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Modern TAMP GeoWealth Lands $19 Million Series B

The 'technology firm in the shape of a TAMP' intends to use the capital to expand its engineering and distribution capabilities.

The turnkey asset management program GeoWealth announced Thursday that it had raised a $19 million Series B funding round led by Kayne Partners Fund and a follow-on investment from JP Morgan Asset Management.

“This is a technology story,” said Colin Falls, president of GeoWealth. “Yes, TAMPs were the big disruptors a decade ago but what we have built is really new technology that just happens to be in the form of a TAMP.”

Founded in 2010, the Chicago-based TAMP’s Series B follows its undisclosed Series A round by JP Morgan Asset Management in December 2018. Since then the assets under management on the platform have grown to $7.3 billion and total assets under advisement stand at $16.7 billion.

The firm’s sweet spot, according to Falls, is in the small to midsize advisor market, roughly advisors starting out to firms with $2 billion in AUM.

“Once you get larger than $2 billion you tend to want to keep everything in house, and yes, while we have a couple firms larger than $2 billion, we see our offering as best suited for that small-to-midsize RIA in need of one central operating system for their technology and that has fallen under the radar of the larger TAMPs,” he said.

Falls, who said he was 27 at the time the firm launched, kept it in beta from 2010 to 2016 and worked with a single client firm that has since divested.

“Large TAMPs are built for enterprises and big broker/dealers,” said Falls.

The real selling points for his platform among its 1,000 RIA users are its relatively young, integrated technology stack that is open architecture and offloads middle- and back-office responsibilities, he said.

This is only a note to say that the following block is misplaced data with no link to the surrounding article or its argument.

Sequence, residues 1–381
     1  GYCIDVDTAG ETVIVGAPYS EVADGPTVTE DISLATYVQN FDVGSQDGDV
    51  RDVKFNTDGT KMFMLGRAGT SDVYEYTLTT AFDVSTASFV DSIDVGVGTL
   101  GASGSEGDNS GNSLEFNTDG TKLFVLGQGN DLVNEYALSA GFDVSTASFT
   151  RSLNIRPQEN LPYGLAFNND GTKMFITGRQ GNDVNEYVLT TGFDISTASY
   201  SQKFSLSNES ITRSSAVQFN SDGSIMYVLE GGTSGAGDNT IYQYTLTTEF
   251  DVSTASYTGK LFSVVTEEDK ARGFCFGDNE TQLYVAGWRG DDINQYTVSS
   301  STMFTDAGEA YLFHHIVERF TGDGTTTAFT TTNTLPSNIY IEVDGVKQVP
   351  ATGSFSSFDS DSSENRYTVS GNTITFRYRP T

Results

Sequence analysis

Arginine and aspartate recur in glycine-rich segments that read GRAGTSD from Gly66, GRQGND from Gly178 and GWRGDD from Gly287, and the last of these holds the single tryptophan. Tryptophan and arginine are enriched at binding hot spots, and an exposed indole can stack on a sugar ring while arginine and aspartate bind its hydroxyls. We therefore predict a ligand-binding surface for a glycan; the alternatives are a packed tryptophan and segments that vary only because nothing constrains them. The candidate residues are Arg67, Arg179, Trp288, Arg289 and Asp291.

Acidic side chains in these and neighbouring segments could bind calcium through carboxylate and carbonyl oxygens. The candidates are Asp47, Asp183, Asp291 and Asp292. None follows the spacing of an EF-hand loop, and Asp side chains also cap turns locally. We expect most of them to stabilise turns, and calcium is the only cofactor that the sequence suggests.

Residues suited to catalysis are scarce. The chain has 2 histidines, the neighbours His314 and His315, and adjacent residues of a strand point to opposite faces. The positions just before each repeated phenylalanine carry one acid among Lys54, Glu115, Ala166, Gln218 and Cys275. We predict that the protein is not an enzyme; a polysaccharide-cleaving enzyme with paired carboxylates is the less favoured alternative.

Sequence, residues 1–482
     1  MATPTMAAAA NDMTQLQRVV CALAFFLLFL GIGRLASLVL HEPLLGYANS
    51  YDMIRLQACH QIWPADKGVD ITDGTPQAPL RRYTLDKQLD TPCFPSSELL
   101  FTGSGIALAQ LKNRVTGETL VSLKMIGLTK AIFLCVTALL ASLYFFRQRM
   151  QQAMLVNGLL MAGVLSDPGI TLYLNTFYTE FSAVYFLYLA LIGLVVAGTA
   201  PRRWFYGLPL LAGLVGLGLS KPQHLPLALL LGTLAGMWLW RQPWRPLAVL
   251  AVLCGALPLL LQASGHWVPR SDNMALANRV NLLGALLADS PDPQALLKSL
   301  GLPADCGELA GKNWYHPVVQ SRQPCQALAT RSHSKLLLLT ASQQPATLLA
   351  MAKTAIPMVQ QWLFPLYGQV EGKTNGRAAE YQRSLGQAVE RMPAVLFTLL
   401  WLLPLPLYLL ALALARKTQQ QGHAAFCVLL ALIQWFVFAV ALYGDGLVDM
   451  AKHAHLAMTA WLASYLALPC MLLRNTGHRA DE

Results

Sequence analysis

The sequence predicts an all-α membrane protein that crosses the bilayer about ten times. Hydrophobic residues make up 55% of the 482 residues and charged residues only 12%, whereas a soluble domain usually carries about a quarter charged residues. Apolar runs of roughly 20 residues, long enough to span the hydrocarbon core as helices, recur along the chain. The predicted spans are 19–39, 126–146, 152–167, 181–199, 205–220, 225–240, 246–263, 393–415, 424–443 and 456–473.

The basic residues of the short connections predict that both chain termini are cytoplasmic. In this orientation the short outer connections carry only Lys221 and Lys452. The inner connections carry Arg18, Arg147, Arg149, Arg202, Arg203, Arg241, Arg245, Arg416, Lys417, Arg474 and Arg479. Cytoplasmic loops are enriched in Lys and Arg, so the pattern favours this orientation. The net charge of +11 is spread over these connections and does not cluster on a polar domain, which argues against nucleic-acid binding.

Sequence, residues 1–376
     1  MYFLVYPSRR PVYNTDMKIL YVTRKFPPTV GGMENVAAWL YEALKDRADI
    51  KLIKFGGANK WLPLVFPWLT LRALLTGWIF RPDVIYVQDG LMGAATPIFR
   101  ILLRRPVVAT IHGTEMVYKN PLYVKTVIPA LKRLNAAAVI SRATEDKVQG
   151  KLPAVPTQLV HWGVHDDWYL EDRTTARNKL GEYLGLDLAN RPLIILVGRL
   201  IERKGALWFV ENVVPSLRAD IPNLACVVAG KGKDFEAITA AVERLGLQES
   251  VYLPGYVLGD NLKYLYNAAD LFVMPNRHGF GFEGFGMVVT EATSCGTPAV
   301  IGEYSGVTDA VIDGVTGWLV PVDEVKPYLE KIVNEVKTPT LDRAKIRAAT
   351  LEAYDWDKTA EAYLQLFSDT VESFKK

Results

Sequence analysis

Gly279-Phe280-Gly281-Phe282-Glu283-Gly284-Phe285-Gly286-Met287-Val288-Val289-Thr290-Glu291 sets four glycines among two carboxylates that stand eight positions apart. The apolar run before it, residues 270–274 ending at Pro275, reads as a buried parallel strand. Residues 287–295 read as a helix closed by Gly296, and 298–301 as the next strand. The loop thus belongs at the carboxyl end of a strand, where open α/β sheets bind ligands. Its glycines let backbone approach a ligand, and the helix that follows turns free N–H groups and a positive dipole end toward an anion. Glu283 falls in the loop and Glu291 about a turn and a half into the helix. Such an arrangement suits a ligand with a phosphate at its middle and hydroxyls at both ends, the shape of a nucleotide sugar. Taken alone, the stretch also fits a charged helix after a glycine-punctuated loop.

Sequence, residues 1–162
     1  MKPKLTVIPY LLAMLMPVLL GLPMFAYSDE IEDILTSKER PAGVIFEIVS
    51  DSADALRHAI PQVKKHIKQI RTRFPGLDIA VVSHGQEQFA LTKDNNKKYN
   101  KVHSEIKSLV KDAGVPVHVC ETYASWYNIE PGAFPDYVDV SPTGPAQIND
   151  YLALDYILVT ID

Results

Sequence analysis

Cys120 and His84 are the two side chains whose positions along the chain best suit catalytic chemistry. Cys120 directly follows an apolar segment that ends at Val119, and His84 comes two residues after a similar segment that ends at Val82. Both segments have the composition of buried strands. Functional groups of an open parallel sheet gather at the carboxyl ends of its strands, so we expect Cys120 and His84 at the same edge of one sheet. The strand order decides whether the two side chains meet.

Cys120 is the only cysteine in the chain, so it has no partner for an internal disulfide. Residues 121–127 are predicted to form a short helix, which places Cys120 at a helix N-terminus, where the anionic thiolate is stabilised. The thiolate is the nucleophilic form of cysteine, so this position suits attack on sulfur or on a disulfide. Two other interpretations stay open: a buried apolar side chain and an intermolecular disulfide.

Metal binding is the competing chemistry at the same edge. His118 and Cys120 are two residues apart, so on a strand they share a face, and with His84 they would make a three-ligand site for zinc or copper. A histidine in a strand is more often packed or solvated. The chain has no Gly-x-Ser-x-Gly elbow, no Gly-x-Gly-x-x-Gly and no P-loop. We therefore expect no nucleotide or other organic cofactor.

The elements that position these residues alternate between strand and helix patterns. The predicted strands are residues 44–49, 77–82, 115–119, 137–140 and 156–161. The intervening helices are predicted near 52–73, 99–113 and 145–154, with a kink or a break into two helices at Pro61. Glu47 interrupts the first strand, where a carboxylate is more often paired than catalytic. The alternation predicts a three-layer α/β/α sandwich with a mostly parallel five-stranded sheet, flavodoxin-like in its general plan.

He said the core of the system starts with portfolio accounting, but it also has built in performance reporting and billing, which supports subaccounts.

“We built in unified managed accounts or sleeving from the start—a lot of times advisors will use a rebalancer but that often breaks when it comes to managing subaccounts,” he said.

Other features of the “homegrown” tech stack include a client portal, which provides the advisor and client similar views.

Aite Group senior analyst Dennis Gallant said there is a market for this type of offering among growing RIAs.

“When firms make the realization that ‘I don’t want to have this disjointed way of managing everything,’ that they want to manage everything on a single platform that reports and you can trade and that is where the market is going to,” he said.

“Certainly, when you go to the larger wealth management firms and wirehouses they have all this, but smaller RIAs do not,” said Gallant.

The additional capital will allow the company to expand its product, engineering and distribution teams. The firm is currently made up of 70 employees, with effectively 30 on the product and engineering side and the other 40 spread across middle- and back-office support.

Falls said while the firm’s headquarters is in Chicago, the engineering team is based in Sofia, Bulgaria, and is structured as a subsidiary of GeoWealth.

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